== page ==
Today two papers arrived pretty much simultaneously in my inbox. Both address deception; one describes work toward the revealing of ?truth? on the web and the other taking it as an assumption that today?s mode of deception expects to be revealed. The later paper is Michael Taussig?s ?Zoology, Magic, and Surrealism in the War on Terror?  and the former a draft chapter presented to an interdisciplinary forum today by Paul Thompson, a computer scientist at Dartmouth. Thompson?s chapter describes his work on ?cognitive hacking? and countermeasures to these increasingly common methods of deception. The term ?cognitive hacking? specifically refers to the user?s perception during an attempt to obtain access or distort information and as such research on this topic crosses disciplinary boundaries from computer science to sociology to psychology. I am fascinated by Taussig?s use of the term ?countershading? to cross the traditional taxonomic divide between dissimulation and simulation that researchers in the area of deception, including Thompson, use to characterize a person?s perception. While the research presented by Thompson demonstrated that significant work was addressing how to discover an adversary?s intent to deceive, the counterintuitive step of assuming that revelation was part of the deception didn?t register. I wrote a blog entry a few weeks back on Wikipedia?s ability to mark edits as either ?major or minor? and have been returning to this concept and others today in thinking about how digital media, and even automated detection projects, participate in the new mode of deception identified by Taussig.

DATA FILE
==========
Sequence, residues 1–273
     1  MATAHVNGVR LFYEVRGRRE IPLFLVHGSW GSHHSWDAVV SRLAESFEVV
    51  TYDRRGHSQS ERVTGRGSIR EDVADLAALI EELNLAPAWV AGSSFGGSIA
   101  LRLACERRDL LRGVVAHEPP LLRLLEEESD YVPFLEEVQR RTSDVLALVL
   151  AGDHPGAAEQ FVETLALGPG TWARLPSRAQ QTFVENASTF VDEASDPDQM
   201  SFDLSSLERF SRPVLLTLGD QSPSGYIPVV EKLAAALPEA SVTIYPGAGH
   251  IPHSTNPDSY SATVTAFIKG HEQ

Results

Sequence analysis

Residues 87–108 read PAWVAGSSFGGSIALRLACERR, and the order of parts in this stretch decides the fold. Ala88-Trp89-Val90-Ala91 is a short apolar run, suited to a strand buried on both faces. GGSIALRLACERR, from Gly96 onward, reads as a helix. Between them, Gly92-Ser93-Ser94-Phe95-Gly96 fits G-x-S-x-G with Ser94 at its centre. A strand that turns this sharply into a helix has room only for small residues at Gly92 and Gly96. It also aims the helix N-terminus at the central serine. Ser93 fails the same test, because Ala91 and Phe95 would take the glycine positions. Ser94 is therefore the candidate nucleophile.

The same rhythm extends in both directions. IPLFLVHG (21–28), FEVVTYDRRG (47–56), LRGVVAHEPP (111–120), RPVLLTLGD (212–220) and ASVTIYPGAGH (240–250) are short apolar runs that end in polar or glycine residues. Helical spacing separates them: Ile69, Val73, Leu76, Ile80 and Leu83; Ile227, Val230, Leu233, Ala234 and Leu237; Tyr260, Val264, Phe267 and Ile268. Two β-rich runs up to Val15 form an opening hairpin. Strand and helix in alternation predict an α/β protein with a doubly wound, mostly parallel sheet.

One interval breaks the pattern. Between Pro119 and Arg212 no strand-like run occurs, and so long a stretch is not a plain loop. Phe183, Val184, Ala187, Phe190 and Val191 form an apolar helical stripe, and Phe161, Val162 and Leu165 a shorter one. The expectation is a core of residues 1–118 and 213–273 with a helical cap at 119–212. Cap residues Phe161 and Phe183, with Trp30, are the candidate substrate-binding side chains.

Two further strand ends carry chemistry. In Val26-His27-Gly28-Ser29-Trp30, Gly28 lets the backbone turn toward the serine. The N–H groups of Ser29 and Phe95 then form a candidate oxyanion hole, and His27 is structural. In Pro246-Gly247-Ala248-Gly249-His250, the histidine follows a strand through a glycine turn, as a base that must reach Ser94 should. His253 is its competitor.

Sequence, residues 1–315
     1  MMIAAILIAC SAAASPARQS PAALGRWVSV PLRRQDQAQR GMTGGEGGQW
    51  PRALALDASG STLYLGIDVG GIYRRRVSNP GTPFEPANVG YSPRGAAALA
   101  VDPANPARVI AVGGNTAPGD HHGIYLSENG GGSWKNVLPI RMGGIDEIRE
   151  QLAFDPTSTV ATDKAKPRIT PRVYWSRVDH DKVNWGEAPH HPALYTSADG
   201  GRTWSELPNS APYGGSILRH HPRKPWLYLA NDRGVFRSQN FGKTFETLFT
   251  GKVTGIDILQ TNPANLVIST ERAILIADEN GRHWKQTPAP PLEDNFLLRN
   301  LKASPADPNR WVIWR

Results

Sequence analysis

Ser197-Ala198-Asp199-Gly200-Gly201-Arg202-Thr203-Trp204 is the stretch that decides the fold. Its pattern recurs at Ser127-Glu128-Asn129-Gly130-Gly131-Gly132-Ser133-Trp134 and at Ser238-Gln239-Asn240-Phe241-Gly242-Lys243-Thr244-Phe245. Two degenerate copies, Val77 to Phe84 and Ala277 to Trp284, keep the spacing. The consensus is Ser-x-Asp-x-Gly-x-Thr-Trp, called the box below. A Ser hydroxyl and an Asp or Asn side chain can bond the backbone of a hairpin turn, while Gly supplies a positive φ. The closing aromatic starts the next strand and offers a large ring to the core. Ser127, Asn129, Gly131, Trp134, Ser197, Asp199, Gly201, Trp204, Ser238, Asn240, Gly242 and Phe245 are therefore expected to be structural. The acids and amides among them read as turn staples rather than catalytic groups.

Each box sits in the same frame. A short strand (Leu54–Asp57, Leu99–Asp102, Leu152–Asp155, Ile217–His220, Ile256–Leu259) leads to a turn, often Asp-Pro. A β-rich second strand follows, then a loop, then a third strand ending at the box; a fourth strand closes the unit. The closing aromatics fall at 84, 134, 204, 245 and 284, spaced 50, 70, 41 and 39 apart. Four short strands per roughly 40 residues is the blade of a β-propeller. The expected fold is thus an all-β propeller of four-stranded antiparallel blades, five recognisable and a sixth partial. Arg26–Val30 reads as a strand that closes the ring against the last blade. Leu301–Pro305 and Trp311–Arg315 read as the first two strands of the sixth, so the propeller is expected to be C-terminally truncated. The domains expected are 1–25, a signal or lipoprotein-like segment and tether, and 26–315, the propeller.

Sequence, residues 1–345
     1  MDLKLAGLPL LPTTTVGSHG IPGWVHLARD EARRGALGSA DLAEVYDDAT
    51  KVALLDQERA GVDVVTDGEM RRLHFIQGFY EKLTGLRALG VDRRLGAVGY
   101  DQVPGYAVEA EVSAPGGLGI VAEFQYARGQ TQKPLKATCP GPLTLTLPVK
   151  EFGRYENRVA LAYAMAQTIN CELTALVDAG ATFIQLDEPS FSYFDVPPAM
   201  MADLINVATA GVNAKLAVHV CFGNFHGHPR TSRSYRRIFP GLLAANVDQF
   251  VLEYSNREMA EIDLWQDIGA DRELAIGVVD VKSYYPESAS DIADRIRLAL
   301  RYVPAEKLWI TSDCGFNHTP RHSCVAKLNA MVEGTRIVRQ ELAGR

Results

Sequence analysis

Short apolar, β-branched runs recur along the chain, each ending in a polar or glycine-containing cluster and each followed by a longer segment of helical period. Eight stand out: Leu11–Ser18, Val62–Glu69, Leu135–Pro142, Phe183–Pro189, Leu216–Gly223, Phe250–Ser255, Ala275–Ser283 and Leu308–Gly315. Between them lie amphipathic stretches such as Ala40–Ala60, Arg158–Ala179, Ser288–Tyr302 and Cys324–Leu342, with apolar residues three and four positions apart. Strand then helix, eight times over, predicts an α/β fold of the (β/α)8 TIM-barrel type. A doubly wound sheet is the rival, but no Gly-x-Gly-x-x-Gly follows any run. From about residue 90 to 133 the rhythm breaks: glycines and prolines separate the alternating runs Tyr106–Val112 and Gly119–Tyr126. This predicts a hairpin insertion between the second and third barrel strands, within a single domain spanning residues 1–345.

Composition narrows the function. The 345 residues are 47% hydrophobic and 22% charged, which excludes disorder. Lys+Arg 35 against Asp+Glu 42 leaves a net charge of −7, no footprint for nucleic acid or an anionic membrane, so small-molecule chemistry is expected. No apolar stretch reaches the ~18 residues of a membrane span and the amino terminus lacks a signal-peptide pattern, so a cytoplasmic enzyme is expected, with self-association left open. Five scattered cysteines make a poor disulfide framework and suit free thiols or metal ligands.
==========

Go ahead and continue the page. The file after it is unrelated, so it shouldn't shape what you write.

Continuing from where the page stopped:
Michael Taussig, ?Zoology, Magic, and Surrealism in the War on Terror,? Critical Inquiry 34 suppl. (Winter Supplement 2008): S99-S116.